Results Top

From four drug proving centres, a total of 67 volunteers were screened and 63 healthy volunteers were enrolled as provers. Of 63 provers, 43 were on verum and 20 were on placebo. [Figure 1] shows the flowchart of the number of volunteers who underwent screening, enrolled, randomised in two groups and dropped out during the study period. The baseline information in both the groups was comparable (P ≥ 0.05) and well matched as shown in [Table 1].
Figure 1: Flowchart of study participants

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Table 1: Baseline information

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Of total 63 enrolled provers, 50 underwent the TME as 09 and 04 provers from the verum and placebo groups, respectively, were dropped out. The data analysis was done considering the ITT principle with regard to proving symptoms/pathogenetic effects and changes in objective signs, for example, body mass index (BMI), haemoglobin percentage (Hb%), total lymphocyte count (TLC), liver function test and lipid profile.

During the trial 15 out of 43 provers (37.2%) reported 39 symptoms. In the placebo group, out of 20 prover only 4 out of 20 provers (20%) produced 12 symptoms. The symptoms were generated from both the potencies, i.e., 6C and 30C.

The drug has shown the affinity towards head, eye, respiratory system gastrointestinal system, locomotor system, skin and fever. There were 6 symptoms related to head generated with 30C potency predominantly in 5 provers. Similarly, 6 symptoms related to respiratory system were generated in 4 provers in both potencies, 4 symptoms related to fever were found in 3 provers, mostly with 6C potency. In case of gastrointestinal system, 10 symptoms were produced by 8 provers, mostly in 30C potency. Rest all the symptoms were generated in separate individual provers.

Pathogenetic effects

Comparison of symptoms developed in placebo phase to that in intervention phases (inter-prover comparison) is shown in [Table 2].
Table 2: Intraprover comparison to deduce the symptoms produced by the drug administered

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The symptoms produced in this trial are new symptoms. The qualitative analysis for the proving symptoms generated during this trial, 'coryza, watery nasal discharge with sneezing' occurred twice in the same prover over a gap of few days, while the symptom 'Cough with difficult expectoration' occurred in same prover in both the potencies, i.e., 6C and 30C. Another symptom 'Fever with shivering' occurred in two provers at the same centre in 6C potency. Symptom related to upper extremity developed in the same prover in both potencies. Thus, these can be considered as important pathogenetic effects of this drug.

Comparison of symptoms developed by provers on control (for all phases) with provers on actual drug trial (Interprover comparison) is as follows:

  • In mind, rectum and generalities section symptoms were produced in the control group but no symptoms were produced in verum group
  • Symptom related to frontal region of head were produced in both groups but with different characteristic, i.e., aching pain in placebo group and pricking, bursting type of pain in verum group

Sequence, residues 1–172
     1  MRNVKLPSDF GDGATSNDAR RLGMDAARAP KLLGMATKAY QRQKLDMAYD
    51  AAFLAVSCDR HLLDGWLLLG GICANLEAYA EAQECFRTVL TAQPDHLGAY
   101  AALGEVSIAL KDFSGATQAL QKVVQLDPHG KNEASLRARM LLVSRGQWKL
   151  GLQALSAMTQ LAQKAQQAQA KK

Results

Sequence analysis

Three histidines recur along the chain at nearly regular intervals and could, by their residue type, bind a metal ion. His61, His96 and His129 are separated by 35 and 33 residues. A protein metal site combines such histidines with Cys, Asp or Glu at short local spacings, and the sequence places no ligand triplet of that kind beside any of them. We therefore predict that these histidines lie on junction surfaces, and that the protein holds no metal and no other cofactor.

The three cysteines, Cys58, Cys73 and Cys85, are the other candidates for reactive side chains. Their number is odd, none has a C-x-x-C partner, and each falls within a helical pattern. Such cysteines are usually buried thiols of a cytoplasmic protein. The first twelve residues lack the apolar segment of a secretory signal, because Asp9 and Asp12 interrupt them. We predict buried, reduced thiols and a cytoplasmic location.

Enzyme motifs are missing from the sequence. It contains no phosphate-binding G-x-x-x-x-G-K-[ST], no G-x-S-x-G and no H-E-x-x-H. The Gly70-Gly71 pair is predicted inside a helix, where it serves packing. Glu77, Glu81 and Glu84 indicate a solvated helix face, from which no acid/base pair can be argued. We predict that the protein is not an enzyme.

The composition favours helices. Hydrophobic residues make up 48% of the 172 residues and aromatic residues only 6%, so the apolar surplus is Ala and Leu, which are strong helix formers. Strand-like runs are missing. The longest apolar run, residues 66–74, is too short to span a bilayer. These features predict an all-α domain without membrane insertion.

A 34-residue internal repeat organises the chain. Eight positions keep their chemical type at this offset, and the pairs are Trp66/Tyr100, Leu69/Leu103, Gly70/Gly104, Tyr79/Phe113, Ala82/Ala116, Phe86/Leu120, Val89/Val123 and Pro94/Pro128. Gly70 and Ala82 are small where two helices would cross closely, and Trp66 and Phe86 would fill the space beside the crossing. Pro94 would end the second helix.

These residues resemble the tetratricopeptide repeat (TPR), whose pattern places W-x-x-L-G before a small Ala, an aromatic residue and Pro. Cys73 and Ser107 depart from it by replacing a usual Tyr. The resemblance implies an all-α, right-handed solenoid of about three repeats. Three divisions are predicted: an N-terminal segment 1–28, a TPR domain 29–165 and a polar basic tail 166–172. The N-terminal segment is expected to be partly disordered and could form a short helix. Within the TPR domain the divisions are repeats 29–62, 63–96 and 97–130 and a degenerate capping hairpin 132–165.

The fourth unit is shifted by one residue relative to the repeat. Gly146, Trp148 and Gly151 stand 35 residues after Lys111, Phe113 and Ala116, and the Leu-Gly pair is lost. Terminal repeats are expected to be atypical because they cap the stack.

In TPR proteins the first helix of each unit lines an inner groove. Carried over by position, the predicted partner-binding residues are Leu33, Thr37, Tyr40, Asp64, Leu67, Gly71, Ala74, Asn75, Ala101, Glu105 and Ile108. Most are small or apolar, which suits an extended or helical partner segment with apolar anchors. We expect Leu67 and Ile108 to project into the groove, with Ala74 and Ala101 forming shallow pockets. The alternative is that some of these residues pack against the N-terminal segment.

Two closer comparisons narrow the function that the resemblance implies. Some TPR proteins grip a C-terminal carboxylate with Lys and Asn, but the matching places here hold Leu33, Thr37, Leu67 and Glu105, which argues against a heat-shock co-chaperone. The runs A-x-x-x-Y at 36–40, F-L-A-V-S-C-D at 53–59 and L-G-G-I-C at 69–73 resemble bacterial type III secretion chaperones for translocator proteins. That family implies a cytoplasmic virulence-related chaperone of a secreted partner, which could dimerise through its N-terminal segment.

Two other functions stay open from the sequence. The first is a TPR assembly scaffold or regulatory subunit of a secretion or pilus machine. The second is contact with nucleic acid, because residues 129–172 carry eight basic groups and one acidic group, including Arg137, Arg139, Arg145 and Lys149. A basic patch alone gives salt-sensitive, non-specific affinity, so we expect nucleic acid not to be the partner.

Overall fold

• The symptom related to eye has commonality that the left eye has been affected in both the groups
  • Stomach symptom: 'Increased appetite' is overlapping, i.e., present in placebo group and the same symptom was produced in 30C potency of verum group
  • Symptom related to fever without thirst is also overlapping in both groups, but other characteristics, concomitants or associated complaints were different.

One of the provers of verum group developed intense headache and vertigo for 2 days, and required an antidote immediately on the very same day. Another prover from placebo group, developed high-grade fever that continued for 9 days and was prescribed three doses of the antidote. There was complete recovery thereafter in both cases. The duration of other symptoms ranged from 15 min (choking sensation in throat) to 8 days (symptoms related to cough and skin of face). There was spontaneous and complete remission of all these pathogenetic effects.

The characteristics of both groups at TME were again checked for any change but were found to be well matched [Table 3].
Table 3: Characteristics at end of study

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Statistical analysis was performed using independent t-test, related to laboratory investigational values of provers in the verum group who produced symptoms as compared with those who did not develop any symptom/sign [Table 4]. The values in the table reflect that there is statistically significant difference in the erythrocyte sedimentation rate (ESR) values and rest of the parameters are well matched. There is increase in the BMI, Hb, TLC and fasting blood sugar (FBS) and decrease in ESR, total Cholesterol and serum glutamate pyruvate transaminase (SGPT) values in the provers who produced symptoms. Among the provers who did not produce any symptom, there is no change in BMI, decrease in Hb, ESR, FBS, total Cholesterol and SGPT and there is increase in serum glutamate oxaloacetate transaminase values.
Table 4: The change in investigation values (variables) for the verum group provers who produced symptoms with those who did not produce any symptom

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Apart from these changes, other parameters were also looked into and the objective findings are shown in [Table 5].
Table 5: Objective parameters and findings during pre-trial medical examination and terminal medical examination

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  Discussion Top